There is nothing special about light being reflected multiple times between two mirrors. Your sphere can be considered as 2 concave mirrors having the same radius and a common centre. In your case, the intensity of light will keep increasing until the mirror starts melting, unless it is perfectly reflective, in which case the intensity will increase forever.
In fact, that's how a laser works: a gain medium (that is, a medium in which stimulated emission can take place) is placed in between two mirrors. One of the mirrors has a very high reflectivity (as close to 100% as possible); the other one also reflects most of the light, but some of it goes through. A photon can bounce between the two mirrors thousands of times (and ideally stimulating the emission of other photons at each trip) before getting out through the second mirror.
Now, to put a spin on the OP, lets assume that the smaller sphere has the outside coated with a reflective layer and that the two spheres are concentric. In this configuration you’ll get a convex mirror in the centre and a concave mirror surrounding it. In fact, that’s one of the configuration used for lasers (have a look at the second figure on this page ) , so in principle you can get a spherical laser, provided that you fill the space between the spheres with a gain medium (e.g., a mixture of gases).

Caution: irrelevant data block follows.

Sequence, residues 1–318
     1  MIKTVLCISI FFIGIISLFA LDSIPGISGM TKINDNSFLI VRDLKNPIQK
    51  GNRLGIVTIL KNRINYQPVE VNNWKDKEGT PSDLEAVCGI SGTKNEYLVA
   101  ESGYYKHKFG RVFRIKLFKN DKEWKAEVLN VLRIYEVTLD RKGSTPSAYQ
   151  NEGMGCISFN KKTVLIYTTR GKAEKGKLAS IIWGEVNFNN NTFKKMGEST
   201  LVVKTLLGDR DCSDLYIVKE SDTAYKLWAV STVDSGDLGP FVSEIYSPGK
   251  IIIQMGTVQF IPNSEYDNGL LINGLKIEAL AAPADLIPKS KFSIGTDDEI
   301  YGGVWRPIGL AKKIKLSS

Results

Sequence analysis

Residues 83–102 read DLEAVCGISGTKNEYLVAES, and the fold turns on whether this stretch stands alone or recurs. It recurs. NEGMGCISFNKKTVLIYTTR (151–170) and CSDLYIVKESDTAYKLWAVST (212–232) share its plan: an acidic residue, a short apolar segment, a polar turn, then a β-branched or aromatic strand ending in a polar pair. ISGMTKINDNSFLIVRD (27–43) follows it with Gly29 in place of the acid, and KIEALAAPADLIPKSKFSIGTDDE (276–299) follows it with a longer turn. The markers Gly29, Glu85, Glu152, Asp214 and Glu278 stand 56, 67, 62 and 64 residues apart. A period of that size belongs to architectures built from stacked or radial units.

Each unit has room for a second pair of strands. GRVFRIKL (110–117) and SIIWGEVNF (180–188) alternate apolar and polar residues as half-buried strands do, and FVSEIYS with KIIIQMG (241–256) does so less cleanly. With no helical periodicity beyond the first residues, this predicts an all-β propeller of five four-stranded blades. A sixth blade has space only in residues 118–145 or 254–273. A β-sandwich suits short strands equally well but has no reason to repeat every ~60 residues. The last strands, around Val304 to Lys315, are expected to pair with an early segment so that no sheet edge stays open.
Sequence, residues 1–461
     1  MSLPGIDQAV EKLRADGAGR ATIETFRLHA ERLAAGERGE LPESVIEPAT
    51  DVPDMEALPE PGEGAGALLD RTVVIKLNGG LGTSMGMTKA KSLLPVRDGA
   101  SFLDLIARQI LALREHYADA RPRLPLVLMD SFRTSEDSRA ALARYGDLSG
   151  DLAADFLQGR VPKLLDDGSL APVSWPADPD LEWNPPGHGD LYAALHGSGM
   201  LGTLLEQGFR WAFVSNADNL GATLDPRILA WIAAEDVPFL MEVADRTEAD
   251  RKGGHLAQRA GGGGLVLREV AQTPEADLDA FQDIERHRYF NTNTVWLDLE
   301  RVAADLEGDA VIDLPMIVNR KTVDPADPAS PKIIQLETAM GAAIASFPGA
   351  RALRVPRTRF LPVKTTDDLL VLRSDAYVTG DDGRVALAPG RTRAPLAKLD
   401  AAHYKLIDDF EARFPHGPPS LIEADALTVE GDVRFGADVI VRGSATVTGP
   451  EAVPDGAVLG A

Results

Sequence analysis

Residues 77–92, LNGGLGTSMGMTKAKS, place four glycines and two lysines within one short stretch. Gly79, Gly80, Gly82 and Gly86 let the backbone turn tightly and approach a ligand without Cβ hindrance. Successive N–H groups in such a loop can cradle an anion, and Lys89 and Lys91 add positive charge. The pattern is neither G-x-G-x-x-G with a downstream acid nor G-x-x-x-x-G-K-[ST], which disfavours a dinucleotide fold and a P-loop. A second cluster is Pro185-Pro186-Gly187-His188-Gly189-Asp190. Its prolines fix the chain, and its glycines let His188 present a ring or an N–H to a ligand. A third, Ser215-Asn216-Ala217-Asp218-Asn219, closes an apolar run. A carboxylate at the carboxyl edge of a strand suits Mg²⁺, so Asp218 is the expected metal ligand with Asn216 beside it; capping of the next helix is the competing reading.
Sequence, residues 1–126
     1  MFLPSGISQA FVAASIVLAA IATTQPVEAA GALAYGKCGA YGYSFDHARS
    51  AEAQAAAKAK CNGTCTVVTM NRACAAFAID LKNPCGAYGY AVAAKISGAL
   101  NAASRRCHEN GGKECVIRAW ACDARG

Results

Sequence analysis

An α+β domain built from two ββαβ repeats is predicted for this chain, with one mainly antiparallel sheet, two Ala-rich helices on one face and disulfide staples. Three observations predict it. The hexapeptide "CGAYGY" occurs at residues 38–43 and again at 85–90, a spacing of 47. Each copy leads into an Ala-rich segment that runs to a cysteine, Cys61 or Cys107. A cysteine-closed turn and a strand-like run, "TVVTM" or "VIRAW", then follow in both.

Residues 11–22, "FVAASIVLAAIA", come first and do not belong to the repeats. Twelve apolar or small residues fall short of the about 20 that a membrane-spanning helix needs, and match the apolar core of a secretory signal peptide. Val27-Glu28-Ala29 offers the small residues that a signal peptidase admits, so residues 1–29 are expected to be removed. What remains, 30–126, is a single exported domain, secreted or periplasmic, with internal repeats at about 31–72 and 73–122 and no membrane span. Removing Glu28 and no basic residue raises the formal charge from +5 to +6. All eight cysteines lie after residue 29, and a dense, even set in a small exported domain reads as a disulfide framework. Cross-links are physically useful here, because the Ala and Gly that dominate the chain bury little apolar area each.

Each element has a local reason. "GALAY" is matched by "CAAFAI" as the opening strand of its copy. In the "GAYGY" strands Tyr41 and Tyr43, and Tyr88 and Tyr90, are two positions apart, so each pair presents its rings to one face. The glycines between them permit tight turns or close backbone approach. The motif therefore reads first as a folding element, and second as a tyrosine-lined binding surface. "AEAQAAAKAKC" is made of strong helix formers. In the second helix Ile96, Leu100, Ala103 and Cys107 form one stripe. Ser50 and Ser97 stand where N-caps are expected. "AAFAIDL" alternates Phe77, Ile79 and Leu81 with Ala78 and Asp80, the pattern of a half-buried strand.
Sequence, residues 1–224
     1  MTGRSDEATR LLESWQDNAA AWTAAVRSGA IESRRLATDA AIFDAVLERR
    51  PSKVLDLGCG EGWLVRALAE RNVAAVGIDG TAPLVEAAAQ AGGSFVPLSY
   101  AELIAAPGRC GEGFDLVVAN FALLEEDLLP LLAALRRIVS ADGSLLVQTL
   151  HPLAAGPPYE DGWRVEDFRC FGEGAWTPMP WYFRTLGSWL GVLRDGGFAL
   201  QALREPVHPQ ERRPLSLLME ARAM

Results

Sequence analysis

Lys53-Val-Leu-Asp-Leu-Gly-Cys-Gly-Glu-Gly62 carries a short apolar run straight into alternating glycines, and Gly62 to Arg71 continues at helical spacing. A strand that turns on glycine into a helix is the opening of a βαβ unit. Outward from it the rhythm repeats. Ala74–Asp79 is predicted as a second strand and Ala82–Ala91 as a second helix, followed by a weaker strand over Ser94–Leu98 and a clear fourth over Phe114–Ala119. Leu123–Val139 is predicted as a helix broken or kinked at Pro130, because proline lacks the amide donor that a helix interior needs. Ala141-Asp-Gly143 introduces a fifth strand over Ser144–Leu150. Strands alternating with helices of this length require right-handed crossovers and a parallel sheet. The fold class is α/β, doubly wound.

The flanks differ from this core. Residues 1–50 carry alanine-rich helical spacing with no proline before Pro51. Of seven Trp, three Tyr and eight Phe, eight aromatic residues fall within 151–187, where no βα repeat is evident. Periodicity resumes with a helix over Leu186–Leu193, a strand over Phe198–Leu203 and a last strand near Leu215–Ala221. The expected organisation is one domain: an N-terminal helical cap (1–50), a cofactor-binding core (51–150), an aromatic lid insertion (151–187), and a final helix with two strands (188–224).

If you make the outer sphere semi-transparent, then your laser will look like a ball of light. If you make the inner sphere semi-transparent, then all the light will be focused in the common centre of the two spheres and you’d get a very intensity (which could be used for trivial purposes, like cold fusion ).
Also, from the wiki link above, it looks like someone managed to make a laser out of a drop of solution.
As for what's happening when light meets sub-wavelength structures... well, many things can happen :). As examples, you can have a look at [micro-structured optical fibres](http://en.wikipedia.org/wiki/Photonic-crystal_fiber) or even optical fibres having a [diameter inferior to the wavelength of light](http://en.wikipedia.org/wiki/Subwavelength-diameter_optical_fiber)propagating trough them. You get some interesting effects by illuminating semiconductor spheres several nanometers in diameter, aka [quantum dots.](http://en.wikipedia.org/wiki/Quantum_dot)